The production and export of cars by foreign automakers is a key driver of economic growth in Hungary, where wages for skilled workers are well below Western European levels.
The car sector employs over 100,000 people and accounts for about a third of industrial output in Hungary, an eastern member of the European Union. Neighbouring Slovakia and the Czech Republic are also major car making hubs in the region.
"Our purpose with today's visit was to place Hungary on the map ... as a country, which puts great emphasis on the car sector," Szijjarto was quoted as saying after talks on Thursday with Tesla's business development and legal directors.
Szijjarto said Tesla executives responded "very positively" to tax breaks linked to research and development and investments in Hungary, as well as the country's corporate tax rate, which at 9 percent is the lowest in the 28-member EU.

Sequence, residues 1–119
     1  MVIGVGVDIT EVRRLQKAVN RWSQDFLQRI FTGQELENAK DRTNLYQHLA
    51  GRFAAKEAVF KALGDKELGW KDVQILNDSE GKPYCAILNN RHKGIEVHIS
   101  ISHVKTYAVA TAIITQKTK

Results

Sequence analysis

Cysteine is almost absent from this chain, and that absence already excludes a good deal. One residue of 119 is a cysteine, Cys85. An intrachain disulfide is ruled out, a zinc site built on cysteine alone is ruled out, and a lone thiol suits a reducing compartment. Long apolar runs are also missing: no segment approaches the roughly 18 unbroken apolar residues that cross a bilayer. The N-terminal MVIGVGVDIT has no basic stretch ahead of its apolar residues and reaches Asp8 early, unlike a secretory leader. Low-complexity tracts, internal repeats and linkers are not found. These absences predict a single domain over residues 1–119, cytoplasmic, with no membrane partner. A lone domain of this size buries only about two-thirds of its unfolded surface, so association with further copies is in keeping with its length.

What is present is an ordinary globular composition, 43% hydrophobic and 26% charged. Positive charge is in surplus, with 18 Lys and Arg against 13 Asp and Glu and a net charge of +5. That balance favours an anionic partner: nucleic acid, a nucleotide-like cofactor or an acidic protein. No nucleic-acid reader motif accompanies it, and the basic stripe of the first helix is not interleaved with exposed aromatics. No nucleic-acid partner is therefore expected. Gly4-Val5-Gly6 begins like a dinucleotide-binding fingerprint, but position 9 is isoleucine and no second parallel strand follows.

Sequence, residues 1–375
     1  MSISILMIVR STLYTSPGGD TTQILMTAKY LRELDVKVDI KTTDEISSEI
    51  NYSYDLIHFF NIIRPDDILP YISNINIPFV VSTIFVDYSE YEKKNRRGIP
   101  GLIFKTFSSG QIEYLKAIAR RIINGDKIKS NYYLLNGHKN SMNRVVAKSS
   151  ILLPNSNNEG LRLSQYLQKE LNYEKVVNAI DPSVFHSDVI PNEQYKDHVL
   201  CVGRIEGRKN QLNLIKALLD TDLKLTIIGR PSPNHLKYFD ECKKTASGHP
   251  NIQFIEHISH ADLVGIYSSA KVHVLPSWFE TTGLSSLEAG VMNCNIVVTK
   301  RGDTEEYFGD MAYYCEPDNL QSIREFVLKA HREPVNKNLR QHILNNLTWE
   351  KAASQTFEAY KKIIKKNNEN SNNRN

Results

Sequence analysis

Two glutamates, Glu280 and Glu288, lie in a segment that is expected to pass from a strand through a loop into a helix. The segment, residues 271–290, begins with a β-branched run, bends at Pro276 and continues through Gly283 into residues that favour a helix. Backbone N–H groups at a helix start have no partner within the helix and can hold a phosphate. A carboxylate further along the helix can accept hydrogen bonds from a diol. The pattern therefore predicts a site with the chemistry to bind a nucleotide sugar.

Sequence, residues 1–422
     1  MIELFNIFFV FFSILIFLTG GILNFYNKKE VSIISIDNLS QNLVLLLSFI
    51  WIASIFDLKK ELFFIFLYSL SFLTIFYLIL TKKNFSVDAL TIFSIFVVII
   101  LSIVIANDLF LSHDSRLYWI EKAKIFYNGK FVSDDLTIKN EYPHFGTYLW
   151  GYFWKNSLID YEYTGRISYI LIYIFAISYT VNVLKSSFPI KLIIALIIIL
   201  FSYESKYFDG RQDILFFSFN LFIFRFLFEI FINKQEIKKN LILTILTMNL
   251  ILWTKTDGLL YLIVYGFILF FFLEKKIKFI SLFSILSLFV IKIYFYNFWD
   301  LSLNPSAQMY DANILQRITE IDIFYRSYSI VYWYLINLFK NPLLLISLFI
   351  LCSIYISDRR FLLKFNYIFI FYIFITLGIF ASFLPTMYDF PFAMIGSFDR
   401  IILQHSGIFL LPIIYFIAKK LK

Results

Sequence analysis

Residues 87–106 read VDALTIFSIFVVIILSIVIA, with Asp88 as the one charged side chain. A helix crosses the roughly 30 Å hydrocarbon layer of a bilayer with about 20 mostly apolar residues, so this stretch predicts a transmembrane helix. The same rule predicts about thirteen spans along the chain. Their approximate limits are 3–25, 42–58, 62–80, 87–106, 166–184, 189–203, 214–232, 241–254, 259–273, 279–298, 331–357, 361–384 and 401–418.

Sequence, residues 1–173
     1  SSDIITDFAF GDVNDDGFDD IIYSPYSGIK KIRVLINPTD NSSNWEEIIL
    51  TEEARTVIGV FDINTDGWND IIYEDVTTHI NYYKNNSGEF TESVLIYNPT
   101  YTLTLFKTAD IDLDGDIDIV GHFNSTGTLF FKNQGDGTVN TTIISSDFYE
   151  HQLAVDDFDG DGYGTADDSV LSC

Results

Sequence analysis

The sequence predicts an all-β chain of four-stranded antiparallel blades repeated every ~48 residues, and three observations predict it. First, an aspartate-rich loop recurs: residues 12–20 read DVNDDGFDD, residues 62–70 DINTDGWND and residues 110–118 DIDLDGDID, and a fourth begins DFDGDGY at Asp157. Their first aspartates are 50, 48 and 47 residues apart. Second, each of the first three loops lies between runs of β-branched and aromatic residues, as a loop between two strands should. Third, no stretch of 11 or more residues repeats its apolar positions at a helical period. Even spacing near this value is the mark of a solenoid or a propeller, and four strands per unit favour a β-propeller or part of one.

The minister said Hungary aimed to install over 3,000 electric charging points by 2019.
He added that Tesla would build two supercharging stations in Hungary by the end of next year, one in the western town of Gyor, an industrial hub home to German premium car maker Audi, and another in Nagykanizsa in the southwest.
Audi is one of Hungary's biggest exporters and revenue earners and the company describes the Gyor engine plant as the world's largest, supplying more than 30 Volkswagen Group sites.
Other major car makers in Hungary include German rival Daimler, PSA Group's Opel, and Suzuki Motor Corp.
South Korea's SK Innovation said last month it would invest 840.2 billion won ($771.86 million) to build an electric vehicle battery plant in Hungary to meet demand from automakers in Europe.
(Reporting by Gergely Szakacs; editing by Jason Neely)